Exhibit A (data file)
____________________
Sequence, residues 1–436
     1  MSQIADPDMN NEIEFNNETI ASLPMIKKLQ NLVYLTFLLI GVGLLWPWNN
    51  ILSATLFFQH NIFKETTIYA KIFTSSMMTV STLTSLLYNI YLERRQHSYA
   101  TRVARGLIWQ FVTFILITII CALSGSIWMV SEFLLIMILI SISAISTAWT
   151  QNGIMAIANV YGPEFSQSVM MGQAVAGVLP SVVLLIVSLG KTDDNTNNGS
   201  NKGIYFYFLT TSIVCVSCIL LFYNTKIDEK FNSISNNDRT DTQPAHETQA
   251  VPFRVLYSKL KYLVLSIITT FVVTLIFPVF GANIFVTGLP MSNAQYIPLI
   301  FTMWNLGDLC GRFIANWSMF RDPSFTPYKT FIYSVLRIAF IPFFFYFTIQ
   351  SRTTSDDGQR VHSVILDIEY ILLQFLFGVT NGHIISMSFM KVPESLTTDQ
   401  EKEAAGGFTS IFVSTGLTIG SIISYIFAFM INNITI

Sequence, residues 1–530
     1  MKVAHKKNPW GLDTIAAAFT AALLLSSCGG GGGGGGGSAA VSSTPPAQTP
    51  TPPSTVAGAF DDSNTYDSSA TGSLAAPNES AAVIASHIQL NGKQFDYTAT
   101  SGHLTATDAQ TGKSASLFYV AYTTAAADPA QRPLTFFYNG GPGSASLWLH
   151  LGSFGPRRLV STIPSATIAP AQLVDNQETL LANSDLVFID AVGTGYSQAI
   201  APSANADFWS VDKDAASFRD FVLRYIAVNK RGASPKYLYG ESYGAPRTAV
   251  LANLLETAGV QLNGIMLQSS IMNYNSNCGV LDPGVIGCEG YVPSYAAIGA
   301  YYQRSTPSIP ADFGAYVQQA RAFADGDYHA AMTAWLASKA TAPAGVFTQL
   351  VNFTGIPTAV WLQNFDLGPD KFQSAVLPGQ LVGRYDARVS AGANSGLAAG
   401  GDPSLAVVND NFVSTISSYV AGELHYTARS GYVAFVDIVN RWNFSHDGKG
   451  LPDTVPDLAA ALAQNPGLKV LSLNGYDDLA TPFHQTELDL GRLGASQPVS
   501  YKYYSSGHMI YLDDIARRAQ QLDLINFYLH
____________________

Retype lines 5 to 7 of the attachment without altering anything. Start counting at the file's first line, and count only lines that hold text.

   151  QNGIMAIANV YGPEFSQSVM MGQAVAGVLP SVVLLIVSLG KTDDNTNNGS
   201  NKGIYFYFLT TSIVCVSCIL LFYNTKIDEK FNSISNNDRT DTQPAHETQA
   251  VPFRVLYSKL KYLVLSIITT FVVTLIFPVF GANIFVTGLP MSNAQYIPLI